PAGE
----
There’s a whole lot more to Blood Bowl II than the basic failure risk, of course – but the game actually does a good job of easing a new player into the rules via its campaign mode. Said campaign is wrapped up in a story about league intrigue, as communicated by two ESPN-like figures – one big dumb ogre and his sharper, if shadier vampire companion – and features some good voice talent and decent, if sometimes hard to follow, writing. Honestly, I’m around halfway through the campaign and I’ve lost track of the whole story other than ‘Apparently the team I’m managing is supposed to be sabotaged’ but really, it doesn’t matter. Blood Bowl II’s campaign largely exists to expose the player to the various rules of the match, the particularities of the different teams on offer, and to provide entertainment with what would otherwise involve some fairly dull rules exposition. To that end, Cyanide deserves praise for making rules-learning a pleasant experience.

 

In fact, the entire game is rather well polished, both visually and sound-wise. We’re not talking cutting edge graphics – don’t expect exact lip syncing from the commentators as they talk – but everything is lively, detailed and distinct, which is all I expected and more. Each of the eight included teams in the game are full of life, standing out strongly in their design, right down to having their own racial arenas. These teams don’t just differ visually either – the fleet-footed, fragile skaven play radically different from the sturdy, conflict-ready dwarves. Learning the ups and downs of each of the available teams (and the just-added DLC Lizardman and Wood Elf teams) is part of the fun, and adds up to a lot of potential for variety and customization. Even after the campaign, players can look forward to playing in league matches where they can pit their hand-crafted teams against their opponents’ in a bit to become league champion. Naturally there’s an included AI-versus mode, but I can’t picture anyone picking up Blood Bowl II intending to just play through the campaign and face off against the AI. There’s an unstated assumption that you’ll be seeking out and taking part in multiplayer leagues if you truly want to get your money’s worth out of this title.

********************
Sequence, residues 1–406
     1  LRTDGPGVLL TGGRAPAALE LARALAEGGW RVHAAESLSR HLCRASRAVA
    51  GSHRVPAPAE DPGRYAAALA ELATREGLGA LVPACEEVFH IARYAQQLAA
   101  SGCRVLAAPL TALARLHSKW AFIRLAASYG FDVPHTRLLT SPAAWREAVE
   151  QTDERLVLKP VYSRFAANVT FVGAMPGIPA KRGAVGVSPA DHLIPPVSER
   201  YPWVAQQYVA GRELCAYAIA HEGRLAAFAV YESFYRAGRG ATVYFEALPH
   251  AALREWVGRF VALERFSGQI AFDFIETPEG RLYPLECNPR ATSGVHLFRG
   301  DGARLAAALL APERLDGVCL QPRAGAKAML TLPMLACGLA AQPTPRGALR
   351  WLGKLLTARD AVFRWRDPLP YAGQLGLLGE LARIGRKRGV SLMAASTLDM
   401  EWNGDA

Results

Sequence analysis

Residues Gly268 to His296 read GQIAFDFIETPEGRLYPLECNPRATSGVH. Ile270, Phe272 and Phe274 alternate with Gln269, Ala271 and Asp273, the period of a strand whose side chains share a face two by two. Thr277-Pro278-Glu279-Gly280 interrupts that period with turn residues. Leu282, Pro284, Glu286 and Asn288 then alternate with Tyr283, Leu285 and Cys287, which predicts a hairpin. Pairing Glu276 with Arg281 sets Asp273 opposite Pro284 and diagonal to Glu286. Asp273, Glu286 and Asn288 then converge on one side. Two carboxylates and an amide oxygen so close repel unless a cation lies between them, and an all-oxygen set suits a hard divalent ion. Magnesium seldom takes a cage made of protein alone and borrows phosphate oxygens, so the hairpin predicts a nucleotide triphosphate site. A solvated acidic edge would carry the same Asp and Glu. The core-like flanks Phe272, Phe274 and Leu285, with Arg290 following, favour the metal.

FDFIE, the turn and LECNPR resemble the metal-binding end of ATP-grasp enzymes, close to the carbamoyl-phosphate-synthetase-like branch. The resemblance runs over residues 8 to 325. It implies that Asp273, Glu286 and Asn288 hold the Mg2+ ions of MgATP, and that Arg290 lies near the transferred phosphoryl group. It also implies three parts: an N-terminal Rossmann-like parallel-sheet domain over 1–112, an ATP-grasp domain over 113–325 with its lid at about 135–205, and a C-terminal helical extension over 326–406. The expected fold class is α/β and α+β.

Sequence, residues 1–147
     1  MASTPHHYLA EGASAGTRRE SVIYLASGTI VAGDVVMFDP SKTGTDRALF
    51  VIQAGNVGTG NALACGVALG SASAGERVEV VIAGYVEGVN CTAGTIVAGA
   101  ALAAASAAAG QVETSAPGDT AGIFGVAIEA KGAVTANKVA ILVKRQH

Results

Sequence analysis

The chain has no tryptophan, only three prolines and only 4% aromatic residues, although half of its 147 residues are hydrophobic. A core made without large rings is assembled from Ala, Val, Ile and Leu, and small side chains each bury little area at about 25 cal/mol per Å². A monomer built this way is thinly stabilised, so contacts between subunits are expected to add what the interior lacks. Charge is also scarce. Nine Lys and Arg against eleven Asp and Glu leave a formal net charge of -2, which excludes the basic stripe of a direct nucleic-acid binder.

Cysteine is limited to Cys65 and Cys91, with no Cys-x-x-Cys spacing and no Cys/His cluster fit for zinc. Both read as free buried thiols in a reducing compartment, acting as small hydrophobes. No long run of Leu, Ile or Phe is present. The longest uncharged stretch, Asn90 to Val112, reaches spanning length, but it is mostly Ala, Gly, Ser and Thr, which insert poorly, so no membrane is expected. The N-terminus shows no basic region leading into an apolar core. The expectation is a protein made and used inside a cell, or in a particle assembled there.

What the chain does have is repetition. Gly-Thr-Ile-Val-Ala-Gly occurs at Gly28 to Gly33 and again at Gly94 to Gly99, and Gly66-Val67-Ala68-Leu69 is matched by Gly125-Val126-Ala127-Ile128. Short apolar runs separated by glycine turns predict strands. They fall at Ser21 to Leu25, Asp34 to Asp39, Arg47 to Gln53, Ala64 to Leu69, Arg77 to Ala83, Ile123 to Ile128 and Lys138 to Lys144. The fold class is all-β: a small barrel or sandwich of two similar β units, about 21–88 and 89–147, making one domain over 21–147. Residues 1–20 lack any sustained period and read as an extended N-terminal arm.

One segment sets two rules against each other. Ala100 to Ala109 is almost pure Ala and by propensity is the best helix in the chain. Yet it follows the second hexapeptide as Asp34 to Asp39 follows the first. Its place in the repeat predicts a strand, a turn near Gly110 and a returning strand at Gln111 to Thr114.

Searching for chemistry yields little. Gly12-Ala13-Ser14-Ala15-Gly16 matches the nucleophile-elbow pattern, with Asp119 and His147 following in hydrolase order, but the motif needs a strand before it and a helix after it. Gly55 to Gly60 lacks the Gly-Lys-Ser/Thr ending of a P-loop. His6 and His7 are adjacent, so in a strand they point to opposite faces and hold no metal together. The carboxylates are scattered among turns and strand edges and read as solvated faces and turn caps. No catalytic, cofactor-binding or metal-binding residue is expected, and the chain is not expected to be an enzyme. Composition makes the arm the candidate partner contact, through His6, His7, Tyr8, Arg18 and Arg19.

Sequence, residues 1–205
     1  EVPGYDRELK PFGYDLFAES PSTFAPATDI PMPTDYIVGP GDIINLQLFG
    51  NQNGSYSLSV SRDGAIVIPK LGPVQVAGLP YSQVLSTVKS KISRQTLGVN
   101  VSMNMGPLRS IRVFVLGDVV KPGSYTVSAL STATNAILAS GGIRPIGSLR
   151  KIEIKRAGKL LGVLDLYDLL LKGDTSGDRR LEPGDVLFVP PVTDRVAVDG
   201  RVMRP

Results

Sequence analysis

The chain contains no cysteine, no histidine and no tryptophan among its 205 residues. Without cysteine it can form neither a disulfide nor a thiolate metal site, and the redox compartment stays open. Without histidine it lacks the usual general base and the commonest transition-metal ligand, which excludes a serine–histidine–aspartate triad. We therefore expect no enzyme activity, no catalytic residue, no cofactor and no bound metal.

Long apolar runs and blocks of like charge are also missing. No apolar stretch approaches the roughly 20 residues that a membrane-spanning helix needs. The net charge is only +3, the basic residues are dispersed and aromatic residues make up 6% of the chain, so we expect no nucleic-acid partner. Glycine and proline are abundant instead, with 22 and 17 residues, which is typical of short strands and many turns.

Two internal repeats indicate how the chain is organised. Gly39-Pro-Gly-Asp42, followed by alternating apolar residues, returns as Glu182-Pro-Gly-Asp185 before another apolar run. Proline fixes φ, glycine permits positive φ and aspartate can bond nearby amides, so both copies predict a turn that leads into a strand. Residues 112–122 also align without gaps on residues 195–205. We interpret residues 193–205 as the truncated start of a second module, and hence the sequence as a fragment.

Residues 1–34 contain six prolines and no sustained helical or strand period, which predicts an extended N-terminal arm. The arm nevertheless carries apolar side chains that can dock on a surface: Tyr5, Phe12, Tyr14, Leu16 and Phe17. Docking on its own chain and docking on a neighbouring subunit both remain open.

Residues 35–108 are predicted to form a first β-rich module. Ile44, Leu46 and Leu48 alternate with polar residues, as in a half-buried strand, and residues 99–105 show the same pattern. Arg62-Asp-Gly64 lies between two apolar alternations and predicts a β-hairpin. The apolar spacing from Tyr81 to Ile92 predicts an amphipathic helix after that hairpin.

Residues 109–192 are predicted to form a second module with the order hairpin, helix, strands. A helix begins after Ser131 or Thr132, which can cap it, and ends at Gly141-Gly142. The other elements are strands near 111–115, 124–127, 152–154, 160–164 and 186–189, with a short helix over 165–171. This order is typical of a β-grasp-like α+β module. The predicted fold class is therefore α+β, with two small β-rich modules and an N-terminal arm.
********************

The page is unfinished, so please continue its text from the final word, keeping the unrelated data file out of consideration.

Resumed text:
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Take away the giant crystal ball and this looks like a standard football commentator duo.

 

While the game itself is a solid – if ultimately multiplayer-reliant – experience, the interface has some hits and misses. The camera view on the field can be a bit of a hassle, feeling a bit clunky and non-intuitive. Now and then, the interface can get in the way of the on-field action, blocking the ability to interact with the dice that pop over the players heads when an action is initiated. While these are fairly minor concerns, a larger one comes in the form of the game’s campaign mode. While this mode does a great initial job of providing a tutorial for the game’s fundamentals, it ends up becoming extremely difficult to progress due to the ‘obligatory’ challenges. Just plain being able to defeat the opposing team can be a chore; being tasked with defeating the enemy team, and also pulling off very specific tricks like ‘Force two witch elves off-sides’ can feel nigh impossible. I get the impression that these challenges were included to educate the player about specific aspects of gameplay, but in practice it just makes the whole affair pretty frustrating.

 

Those complaints aside, Blood Bowl II is a fun title that offers up a unique turn-based tactical experience. If you’ve got some friends to play with or a willingness to join up with larger leagues online, and if you enjoy fairly deep tabletop-inspired conflict, then be sure to give this one a look.